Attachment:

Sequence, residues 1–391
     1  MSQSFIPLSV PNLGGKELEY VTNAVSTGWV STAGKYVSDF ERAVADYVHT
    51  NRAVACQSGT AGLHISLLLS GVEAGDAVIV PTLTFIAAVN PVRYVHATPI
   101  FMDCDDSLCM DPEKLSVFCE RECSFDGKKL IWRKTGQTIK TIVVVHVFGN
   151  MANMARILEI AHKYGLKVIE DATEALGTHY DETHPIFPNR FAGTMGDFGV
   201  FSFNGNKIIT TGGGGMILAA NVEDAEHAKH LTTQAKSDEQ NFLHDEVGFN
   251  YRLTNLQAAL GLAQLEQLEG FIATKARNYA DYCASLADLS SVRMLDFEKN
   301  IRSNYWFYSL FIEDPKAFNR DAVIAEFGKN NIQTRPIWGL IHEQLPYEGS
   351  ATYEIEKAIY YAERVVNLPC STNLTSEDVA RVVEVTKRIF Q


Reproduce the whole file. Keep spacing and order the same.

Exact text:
Sequence, residues 1–391
     1  MSQSFIPLSV PNLGGKELEY VTNAVSTGWV STAGKYVSDF ERAVADYVHT
    51  NRAVACQSGT AGLHISLLLS GVEAGDAVIV PTLTFIAAVN PVRYVHATPI
   101  FMDCDDSLCM DPEKLSVFCE RECSFDGKKL IWRKTGQTIK TIVVVHVFGN
   151  MANMARILEI AHKYGLKVIE DATEALGTHY DETHPIFPNR FAGTMGDFGV
   201  FSFNGNKIIT TGGGGMILAA NVEDAEHAKH LTTQAKSDEQ NFLHDEVGFN
   251  YRLTNLQAAL GLAQLEQLEG FIATKARNYA DYCASLADLS SVRMLDFEKN
   301  IRSNYWFYSL FIEDPKAFNR DAVIAEFGKN NIQTRPIWGL IHEQLPYEGS
   351  ATYEIEKAIY YAERVVNLPC STNLTSEDVA RVVEVTKRIF Q